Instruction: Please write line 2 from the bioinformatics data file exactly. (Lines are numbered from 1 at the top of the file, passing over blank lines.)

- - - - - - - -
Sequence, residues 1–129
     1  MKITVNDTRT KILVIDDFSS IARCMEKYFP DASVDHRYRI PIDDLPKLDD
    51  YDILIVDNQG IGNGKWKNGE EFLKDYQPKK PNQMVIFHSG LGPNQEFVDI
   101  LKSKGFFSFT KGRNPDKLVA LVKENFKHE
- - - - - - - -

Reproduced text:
     1  MKITVNDTRT KILVIDDFSS IARCMEKYFP DASVDHRYRI PIDDLPKLDD